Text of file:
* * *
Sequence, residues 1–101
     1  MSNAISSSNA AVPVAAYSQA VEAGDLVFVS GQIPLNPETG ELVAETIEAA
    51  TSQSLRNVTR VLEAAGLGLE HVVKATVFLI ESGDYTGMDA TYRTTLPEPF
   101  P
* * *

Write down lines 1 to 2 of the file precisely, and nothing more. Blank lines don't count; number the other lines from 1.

Sequence, residues 1–101
     1  MSNAISSSNA AVPVAAYSQA VEAGDLVFVS GQIPLNPETG ELVAETIEAA